TAIS Artist in Residence Program focuses on research & production in animation, and is designed to offer opportunities for artists to expand and develop their practices and create independent work. Residency Artists also present their work to the public through artist talks and workshops.

Daniel Barrow

TAIS’ 2018 Canadian Artist in Residence




Montreal-based artist Daniel Barrow works in video, film, print-making and drawing, but is best known for his use of antiquated technologies, his “registered projection” installations, and his narrative overhead projection performances. Barrow describes his performance method as a process of “creating and adapting comic narratives to manual forms of animation by projecting, layering and manipulating drawings on overhead projectors.”

Barrow has exhibited widely in Canada and abroad. He has performed at The Walker Art Center (Minneapolis), PS1 Contemporary Art Center (New York), The Museum of Contemporary Art (Los Angeles), Internationale Kurzfilmtage Oberhausen, The Portland Institute for Contemporary Art’s TBA festival, and the British Film Institute’s London Film Festival. Barrow is the winner of the 2010 Sobey Art Award as well as the recipient of the 2013 Glenfiddich Artist in Residence Prize.




photo credit: Valerie Sagin



Plans for the Residency

TAIS looks forward to welcoming the artist to the studio for 3 months, starting in September 2018. While at TAIS, Daniel will present a Masterclass, and will give an talk on his project in development and his artistic practice to date. Stay tuned for announcements regarding dates for all public programming related to Daniel’s residency.

TAIS Canadian Artist Residency is three-months long. The goal for the Canadian Artist in Residence is to emerge with a finished work. The selected Canadian artist is awarded $9,000, comprised of $3,000 in-kind towards 3-months of studio space, equipment and resources at TAIS Studios, and $6,000 in cash funding for their project.


Project statement by Daniel Barrow:

“Over the last fifteen years, I have used obsolete technologies to present animated narratives by merging the methods and cultural histories of cartoons, comic books, shadow puppetry and magic lantern shows. I am best known for creating and adapting comic book narratives to “manual” forms of animation by projecting, layering and manipulating drawings on an overhead projector. I am currently creating a live, hour-long, experimental, animated narrative which illustrates the story of a teen who is obsessed with a nun whom he regards as a “flawless beauty”. The story, titled “The Reading Wand”, will be told in a series of narrative vignettes that combine: live animations from a vintage Amiga computer, manual animation from an overhead projector, a live monologue, and a 16 mm short film biography of Saint Dominic Savio. It is the 16 mm cut-out animation that I will create at TAIS.

The story takes place at a Catholic boarding school called Saint Dominic Savio. The 16 mm film I will create will be included in the story as an instructional film played in all the classrooms of the school, explaining what it means to be a virtuous teen. In this 3 minute “cut-out” animation, the patron Saint of teenagers, Saint Dominic, is presented to the teen students as a moral example. All of the details of Saint Dominic’s biography are true, but the school, its students, and faculty are all fictitious. My 16 mm cut-out animation will dramatize portions of Saint Dominic’s biography, which was written by his mentor Saint John Basco in 1857.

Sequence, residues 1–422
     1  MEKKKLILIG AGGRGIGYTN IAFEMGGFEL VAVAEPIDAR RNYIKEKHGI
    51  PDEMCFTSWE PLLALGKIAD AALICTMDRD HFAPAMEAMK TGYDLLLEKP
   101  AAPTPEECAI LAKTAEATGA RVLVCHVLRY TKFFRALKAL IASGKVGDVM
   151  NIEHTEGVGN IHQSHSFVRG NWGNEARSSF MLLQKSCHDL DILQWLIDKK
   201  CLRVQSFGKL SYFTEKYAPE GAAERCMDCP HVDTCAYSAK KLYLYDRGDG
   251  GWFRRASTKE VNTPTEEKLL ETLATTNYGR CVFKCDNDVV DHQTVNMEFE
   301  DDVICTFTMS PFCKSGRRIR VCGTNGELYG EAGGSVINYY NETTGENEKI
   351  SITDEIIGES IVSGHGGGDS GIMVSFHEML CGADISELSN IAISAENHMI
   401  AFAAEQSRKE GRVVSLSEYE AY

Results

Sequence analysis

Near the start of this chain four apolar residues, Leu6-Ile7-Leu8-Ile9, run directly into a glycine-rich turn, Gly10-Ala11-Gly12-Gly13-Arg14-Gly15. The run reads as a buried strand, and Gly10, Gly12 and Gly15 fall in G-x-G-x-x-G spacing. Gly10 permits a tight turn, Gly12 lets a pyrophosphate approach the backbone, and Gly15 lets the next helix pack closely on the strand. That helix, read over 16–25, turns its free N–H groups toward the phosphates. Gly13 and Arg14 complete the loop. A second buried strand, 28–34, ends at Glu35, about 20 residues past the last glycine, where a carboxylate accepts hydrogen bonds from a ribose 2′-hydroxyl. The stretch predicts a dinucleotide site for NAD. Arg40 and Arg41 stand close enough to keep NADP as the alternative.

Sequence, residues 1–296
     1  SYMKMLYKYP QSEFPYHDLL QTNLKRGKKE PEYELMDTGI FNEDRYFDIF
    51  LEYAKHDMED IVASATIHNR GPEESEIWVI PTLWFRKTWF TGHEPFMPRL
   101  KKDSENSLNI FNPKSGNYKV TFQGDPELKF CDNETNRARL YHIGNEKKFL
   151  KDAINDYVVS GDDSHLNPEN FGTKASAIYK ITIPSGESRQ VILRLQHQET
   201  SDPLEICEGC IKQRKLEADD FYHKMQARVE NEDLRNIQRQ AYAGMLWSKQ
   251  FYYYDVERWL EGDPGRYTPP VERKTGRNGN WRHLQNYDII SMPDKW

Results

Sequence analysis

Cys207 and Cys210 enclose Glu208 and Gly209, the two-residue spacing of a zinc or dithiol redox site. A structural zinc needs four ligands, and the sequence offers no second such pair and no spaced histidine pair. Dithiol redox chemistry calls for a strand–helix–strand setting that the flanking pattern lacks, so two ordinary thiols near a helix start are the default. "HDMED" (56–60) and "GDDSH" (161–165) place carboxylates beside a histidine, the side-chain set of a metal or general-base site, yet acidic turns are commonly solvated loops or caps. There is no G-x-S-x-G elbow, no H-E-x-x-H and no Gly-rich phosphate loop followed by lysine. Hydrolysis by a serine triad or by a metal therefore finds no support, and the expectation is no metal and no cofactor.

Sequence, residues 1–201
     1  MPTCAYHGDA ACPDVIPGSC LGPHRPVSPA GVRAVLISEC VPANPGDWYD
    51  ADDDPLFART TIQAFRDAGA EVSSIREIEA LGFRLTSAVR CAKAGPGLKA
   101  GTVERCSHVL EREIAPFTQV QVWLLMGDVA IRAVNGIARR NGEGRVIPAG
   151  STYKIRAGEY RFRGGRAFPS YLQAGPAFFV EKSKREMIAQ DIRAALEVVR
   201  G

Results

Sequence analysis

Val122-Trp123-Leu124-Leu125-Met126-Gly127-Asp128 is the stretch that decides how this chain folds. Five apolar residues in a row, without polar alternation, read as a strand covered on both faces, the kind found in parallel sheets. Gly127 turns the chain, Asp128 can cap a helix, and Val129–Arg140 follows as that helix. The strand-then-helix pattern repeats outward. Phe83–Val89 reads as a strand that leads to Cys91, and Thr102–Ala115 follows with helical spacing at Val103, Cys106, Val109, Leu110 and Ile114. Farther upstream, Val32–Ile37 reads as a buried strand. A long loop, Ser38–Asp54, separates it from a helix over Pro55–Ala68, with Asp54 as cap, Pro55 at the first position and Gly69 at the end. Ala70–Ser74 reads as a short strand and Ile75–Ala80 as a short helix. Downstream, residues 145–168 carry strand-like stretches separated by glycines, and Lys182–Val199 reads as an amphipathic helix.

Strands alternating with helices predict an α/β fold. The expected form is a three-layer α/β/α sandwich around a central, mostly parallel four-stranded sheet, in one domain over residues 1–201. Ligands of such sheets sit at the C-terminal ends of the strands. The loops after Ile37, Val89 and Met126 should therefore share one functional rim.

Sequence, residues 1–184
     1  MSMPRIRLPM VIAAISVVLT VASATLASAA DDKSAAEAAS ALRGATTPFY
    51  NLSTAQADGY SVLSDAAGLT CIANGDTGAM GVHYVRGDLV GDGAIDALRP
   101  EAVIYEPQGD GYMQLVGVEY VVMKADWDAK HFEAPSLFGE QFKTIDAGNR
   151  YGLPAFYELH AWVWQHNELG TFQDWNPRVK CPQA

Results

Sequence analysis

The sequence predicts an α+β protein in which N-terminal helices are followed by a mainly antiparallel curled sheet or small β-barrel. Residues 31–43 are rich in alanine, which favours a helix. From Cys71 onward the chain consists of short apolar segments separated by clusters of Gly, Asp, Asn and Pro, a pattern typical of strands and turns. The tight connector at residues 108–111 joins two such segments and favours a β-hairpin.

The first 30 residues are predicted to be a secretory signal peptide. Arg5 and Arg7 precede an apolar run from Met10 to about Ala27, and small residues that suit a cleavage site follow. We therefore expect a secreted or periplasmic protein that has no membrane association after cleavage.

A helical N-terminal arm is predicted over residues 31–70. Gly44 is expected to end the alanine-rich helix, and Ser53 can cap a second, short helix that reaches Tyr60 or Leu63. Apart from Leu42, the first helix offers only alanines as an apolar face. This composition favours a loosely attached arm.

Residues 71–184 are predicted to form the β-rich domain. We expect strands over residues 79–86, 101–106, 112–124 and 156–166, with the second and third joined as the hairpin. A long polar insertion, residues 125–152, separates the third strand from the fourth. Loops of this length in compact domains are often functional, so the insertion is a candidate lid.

Like most Catholic saints, Saint Dominic died young of a painful, disfiguring disease. My personal rendering of the story, however, will focus on glaringly queer aspects of his biography – specifically as they manifested in the beautiful teen saint’s obsession with pedantic religious purity: he preferred the friendship of girls because they were less vulgar than boys; he always helped his mother with housekeeping, whether he was asked or not; he refused to swim with the other boys in a pond because, ‘it would be easy to offend God.’  In the animation, Saint Dominic will act as an object of the school’s devotion/desire, as well as the saintly narrator of certain chapters of other chapters of the feature-length piece. The film I make at TAIS will function autonomously as an animated biography, but will also compliment the fictitious tale I have written about a boy obsessed with a glamorous nun.
The biography of Saint Dominic is inspiring to me on many levels. My rendering of the life story will be, in a way, a kind of personal fairy tale which expands upon dualistic themes from previous work: immaculate/defiled, beauty/ugliness, shame/pride, visible/invisible and the various ways depictions of feminine and masculine sexualities intersect with expressions of triumphant power. This project will also afford me the opportunity to expand my narrative language into new psychological and technical territories, and push the limits of my cinematic vocabulary.”



To read about past residency recipients, click HERE>>

TAIS residency programming is presented with the support of the Ontario Arts Council, and the Canada Council for the Arts

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